Donald Crisp - Throughout the 1930s and 1940s, he appeared in a wide range of roles alongside some of the era's biggest stars, including Katharine Hepburn in "The Little Minister" , Charles Laughton and Clark Gable in "Mutiny on the Bounty" , Bette Davis and Henry Fonda in "That Certain Woman" , Laurence Olivier in "Wuthering Heights" , Errol Flynn in "The Private Lives of Elizabeth and Essex" and "The Sea Hawk" and Gregory Peck in "The Valley of Decision"


His New York stage debut in 1931 immediately led to film offers and Laughton's first Hollywood film was The Old Dark House with Boris Karloff in which he played a bluff Yorkshire businessman marooned during a storm with other travellers in a creepy mansion in the Welsh mountains. add something


In all, he appeared in six Hollywood films during 1932. add something


Melvyn Douglas - Douglas shared top billing with Boris Karloff and Charles Laughton in James Whale's sardonic horror classic "The Old Dark House" in 1932


His association with film director Alexander Korda began in 1933 with The Private Life of Henry VIII, for which Laughton won an Academy Award, the first British actor to do so. add something


While Laughton is most remembered for his film career, he continued to work in the theatre, as when, after the success of The Private Life of Henry VIII he appeared at the Old Vic Theatre in 1933 as roles Macbeth, Lopakin in The Cherry Orchard, Prospero in The Tempest and Angelo in Measure for Measure. add something


Wendy Barrie - Barrie went on to make a number of motion pictures for London Films under the Korda brothers, Alexander and Zoltan, the best known of which is 1933's "The Private Life of Henry VIII", which starred Charles Laughton, Robert_Donat, Merle Oberon, and Elsa Lanchester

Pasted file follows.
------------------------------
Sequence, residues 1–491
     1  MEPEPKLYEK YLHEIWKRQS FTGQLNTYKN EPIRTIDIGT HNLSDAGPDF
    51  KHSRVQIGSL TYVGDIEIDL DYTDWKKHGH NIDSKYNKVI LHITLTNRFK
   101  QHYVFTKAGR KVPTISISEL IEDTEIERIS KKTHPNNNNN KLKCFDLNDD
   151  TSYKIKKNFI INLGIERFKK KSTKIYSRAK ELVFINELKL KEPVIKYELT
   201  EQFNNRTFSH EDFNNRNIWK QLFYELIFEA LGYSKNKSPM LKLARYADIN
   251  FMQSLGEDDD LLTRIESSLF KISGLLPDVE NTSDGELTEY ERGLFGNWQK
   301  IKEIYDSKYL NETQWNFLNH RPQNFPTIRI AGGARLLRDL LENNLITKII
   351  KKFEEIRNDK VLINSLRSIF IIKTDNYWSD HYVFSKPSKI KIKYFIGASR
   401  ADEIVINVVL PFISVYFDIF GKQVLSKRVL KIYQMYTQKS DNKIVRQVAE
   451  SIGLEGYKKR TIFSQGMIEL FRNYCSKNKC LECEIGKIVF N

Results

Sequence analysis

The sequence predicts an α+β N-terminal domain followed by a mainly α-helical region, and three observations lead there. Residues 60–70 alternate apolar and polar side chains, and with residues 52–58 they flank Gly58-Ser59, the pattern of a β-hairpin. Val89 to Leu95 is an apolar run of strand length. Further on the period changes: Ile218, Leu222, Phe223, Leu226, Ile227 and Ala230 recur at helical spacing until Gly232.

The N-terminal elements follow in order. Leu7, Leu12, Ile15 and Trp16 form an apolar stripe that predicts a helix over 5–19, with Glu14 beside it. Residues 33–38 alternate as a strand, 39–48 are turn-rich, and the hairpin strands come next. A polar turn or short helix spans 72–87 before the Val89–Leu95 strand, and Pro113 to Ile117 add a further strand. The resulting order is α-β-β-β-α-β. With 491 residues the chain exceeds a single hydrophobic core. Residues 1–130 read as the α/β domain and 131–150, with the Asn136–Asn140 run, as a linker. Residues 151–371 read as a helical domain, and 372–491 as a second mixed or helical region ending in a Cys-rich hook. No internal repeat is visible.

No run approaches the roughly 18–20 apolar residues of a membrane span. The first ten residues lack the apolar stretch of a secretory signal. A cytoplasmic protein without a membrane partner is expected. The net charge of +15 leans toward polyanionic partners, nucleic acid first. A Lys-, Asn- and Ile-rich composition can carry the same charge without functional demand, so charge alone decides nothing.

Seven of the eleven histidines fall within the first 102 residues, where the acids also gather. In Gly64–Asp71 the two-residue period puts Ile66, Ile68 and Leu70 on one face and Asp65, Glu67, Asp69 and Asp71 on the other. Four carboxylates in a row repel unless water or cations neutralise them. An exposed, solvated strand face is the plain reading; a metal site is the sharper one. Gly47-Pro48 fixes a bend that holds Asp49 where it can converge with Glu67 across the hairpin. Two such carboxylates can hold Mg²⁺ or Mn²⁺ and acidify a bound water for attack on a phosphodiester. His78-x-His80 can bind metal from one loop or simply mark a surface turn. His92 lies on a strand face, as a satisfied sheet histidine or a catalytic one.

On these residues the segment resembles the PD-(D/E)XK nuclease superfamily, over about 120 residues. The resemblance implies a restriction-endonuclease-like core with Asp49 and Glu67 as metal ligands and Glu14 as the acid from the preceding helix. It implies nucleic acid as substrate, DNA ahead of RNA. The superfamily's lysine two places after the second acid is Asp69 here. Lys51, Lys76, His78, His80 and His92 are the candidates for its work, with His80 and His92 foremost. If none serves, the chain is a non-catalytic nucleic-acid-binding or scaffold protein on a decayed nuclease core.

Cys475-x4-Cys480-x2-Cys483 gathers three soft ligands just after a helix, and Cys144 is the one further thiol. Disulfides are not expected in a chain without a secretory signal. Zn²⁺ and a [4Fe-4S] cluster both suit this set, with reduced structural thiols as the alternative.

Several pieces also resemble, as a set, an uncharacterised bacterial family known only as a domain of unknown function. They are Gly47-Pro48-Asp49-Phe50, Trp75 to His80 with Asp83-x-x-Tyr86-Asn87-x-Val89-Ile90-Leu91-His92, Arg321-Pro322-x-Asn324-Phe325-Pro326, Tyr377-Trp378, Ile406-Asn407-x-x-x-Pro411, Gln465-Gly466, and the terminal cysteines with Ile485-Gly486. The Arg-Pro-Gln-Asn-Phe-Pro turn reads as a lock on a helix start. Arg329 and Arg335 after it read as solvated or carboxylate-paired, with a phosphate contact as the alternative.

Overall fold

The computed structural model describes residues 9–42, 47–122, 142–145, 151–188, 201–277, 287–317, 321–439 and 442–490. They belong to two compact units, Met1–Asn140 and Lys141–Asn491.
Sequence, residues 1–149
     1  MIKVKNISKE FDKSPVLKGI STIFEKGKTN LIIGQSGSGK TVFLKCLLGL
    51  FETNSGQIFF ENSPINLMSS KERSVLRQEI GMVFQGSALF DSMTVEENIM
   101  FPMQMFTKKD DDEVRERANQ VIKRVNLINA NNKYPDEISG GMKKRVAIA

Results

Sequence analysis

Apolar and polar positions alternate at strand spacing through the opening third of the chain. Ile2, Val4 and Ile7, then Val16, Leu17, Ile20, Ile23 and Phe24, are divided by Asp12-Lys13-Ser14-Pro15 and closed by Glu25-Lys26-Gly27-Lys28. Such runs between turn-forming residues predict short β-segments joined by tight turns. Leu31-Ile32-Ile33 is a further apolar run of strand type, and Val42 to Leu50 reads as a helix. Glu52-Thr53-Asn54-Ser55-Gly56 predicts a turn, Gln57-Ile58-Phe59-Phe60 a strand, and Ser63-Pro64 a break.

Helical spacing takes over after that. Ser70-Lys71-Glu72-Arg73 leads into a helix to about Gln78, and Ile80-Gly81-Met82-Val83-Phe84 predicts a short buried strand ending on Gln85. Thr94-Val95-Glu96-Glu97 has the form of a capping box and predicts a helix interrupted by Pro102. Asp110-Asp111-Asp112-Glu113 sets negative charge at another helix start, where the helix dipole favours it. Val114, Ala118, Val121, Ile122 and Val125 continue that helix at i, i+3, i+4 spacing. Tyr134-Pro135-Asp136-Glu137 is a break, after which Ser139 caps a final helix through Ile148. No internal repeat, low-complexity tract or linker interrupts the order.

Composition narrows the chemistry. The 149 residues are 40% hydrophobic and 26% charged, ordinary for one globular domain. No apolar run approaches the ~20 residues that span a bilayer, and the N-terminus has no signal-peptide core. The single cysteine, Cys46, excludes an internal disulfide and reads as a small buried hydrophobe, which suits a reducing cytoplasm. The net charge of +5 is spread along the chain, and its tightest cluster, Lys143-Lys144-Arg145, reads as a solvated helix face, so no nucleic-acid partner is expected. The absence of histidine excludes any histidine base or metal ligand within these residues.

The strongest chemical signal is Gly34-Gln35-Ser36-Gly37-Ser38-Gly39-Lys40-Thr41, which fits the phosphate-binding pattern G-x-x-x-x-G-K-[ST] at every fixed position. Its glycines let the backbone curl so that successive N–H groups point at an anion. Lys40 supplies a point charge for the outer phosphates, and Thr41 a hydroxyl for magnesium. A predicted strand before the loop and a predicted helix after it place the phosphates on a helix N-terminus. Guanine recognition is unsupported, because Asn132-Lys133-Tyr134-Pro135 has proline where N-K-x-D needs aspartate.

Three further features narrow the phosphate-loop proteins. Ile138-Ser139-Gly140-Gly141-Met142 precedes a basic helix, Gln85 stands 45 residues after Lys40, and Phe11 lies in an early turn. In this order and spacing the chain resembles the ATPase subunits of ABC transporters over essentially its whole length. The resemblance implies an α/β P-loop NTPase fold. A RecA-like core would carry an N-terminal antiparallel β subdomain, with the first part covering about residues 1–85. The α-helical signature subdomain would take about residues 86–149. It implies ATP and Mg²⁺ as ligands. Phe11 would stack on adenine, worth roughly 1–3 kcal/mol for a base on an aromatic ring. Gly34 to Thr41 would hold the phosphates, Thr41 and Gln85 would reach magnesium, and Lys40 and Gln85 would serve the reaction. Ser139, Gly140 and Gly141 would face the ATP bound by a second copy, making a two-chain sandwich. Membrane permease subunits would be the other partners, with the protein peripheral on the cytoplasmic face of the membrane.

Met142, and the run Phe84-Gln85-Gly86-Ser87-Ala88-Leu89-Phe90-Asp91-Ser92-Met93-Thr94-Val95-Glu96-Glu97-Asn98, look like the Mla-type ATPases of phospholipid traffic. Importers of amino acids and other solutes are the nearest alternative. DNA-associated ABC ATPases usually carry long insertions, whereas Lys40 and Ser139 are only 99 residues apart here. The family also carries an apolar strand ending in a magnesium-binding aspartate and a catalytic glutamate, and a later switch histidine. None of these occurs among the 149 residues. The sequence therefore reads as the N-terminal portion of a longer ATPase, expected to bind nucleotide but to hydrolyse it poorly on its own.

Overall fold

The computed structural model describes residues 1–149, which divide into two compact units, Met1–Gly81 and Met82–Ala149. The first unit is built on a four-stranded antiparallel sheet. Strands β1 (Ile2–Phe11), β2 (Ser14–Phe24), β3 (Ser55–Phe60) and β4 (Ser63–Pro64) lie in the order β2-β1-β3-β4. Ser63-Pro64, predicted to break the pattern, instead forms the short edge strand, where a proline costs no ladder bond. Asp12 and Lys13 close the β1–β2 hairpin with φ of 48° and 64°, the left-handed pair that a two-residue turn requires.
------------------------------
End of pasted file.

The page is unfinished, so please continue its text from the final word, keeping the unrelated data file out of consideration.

Laughton's voice first appeared on 78-rpm records with the release of five British Regal Zonophone 10-inch discs entitled Voice of the Stars issued annually from 1934 to 1938. add something


Laughton won the New York Film Critics Circle Awards for Mutiny on the Bounty and Ruggles of Red Gap in 1935. add something


Eddie Quillan - Eddie Quillan would remain a popular leading and secondary actor throughout the sound film era and would appear in such notable fims as 1935's "Mutiny on the Bounty" with Clark Gable, Charles Laughton, and Franchot Tone, 1939's "Young Mr. Lincoln" opposite Henry Fonda and Alice Brady, and as 'Connie Rivers' in John Ford's 1940 film adaptation of the John Steinbeck novel "The Grapes of Wrath" opposite Henry Fonda and 1943's "Alaska Highway" and "It Ain't Hay" opposite the comedic duo Abbot


In 1936, he went to Paris and on May 9 appeared at the Comedie-Française as Sganarelle in the second act of Molière's Le Medecin malgre lui, the first English actor to appear at that theatre, where he acted the part in French and received an ovation. add something


He made several other spoken-word recordings, one of his most famous being his one-man album of Charles Dickens's Mr. Pickwick's Christmas, a twenty-minute version of the Christmas chapter from Dickens's The Pickwick Papers. add something